“We care about the quality of our job and we invest in that so we do have a lot of very experienced analysts a part of the team – people with deep industry knowledge who we take care of so that they stick with us and keep working hard with the team,” he said.

Although market conditions have made downsizing a necessity for most firms, many of the top-ranking analysts were upbeat about current market prospects.

Pedro Martins, head of Latin America equity research at JP Morgan, highlighted strong earnings growth as a driver of interest in regional equities, singling out Chile as having a particularly favorable investment outlook.

Martins said Latin American countries have benefited from the ongoing “heavy flow” of cash into emerging markets – an observation shared by BTG Pactual’s Alonso Aramburu, who added he’s seen investors returning to Latin America as local politicians help create more business-friendly governments.

“Another big contributor has been getting past the period of a stronger dollar and devalued currencies, and economies adjusting from the slowdown in growth,” Aramburu said.

Aramburu, who focuses mainly on Chile, Argentina, Peru, and Colombia, said most countries in South America are around the bottom of the economic cycle and poised for better growth in the near future.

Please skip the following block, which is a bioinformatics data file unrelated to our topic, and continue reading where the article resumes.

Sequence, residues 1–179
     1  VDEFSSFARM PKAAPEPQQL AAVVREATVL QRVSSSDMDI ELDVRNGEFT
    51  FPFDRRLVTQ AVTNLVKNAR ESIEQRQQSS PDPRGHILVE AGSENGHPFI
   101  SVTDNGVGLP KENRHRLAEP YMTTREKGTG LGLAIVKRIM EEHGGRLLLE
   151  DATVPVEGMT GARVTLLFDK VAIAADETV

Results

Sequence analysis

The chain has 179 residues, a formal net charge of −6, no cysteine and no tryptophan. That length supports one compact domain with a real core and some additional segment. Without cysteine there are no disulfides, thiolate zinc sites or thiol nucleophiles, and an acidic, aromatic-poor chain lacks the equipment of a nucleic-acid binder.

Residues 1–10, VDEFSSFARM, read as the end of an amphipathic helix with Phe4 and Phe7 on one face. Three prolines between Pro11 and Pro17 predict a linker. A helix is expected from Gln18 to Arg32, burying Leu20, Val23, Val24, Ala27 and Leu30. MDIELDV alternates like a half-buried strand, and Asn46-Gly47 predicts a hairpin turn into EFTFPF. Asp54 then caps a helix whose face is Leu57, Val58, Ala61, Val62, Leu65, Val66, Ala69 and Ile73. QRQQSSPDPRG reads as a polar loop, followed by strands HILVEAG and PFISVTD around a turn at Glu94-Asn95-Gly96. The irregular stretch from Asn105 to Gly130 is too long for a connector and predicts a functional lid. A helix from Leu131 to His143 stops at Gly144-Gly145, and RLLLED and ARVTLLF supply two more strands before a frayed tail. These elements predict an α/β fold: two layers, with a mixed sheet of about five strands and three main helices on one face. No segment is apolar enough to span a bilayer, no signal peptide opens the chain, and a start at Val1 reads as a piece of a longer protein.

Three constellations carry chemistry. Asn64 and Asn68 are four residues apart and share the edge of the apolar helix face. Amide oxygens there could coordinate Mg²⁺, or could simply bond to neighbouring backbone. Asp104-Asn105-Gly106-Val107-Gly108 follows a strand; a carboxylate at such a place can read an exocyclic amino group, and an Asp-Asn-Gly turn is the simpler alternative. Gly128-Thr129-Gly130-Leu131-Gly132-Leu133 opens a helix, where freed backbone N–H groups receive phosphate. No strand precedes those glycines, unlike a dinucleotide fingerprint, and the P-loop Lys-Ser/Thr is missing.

Colombia, for example, has been “very out of favor with investors,” he said, but is showing good growth prospects for the next two to three years. Still, there’s reason for investors to be cautious, according to JPMorgan’s Martins, who warns that weak oil prices will continue to contribute to the country’s “lackluster” macroeconomic outlook.

Meanwhile, Brazil is showing signs of recovery, said BTG Pactual’s Duarte, adding that its outlook depends on the results of its upcoming elections and whether the Brazilian government can address key economic policy issues.

Carlos Capistran, who covers Mexico for Bank of America Merrill Lynch, said the country’s economy has been “very resilient and has been growing above expectations.” Although investors may have been concerned at the start of the year about U.S. President Donald Trump’s potentially harmful campaign promises – such as the proposal that Mexico pay for a border wall – new policies have not yet materialized and investor sentiment remains positive, according to Capistran’s colleague Fernandes.

Still, Capistran said Mexico’s growth is likely to decelerate due to tightening fiscal and monetary policies, as well as uncertainty surrounding the renegotiation of the North American Free Trade agreement and the 2018 electoral process.

“Tighter fiscal and monetary policies are helping the country to deal with several negative external shocks such as lower oil prices and oil production as well as higher short-term interest rates in the U.S.,” Capistran said. “But tightening is not a free lunch and will have impact in terms of growth later this year and next.”

Gift this article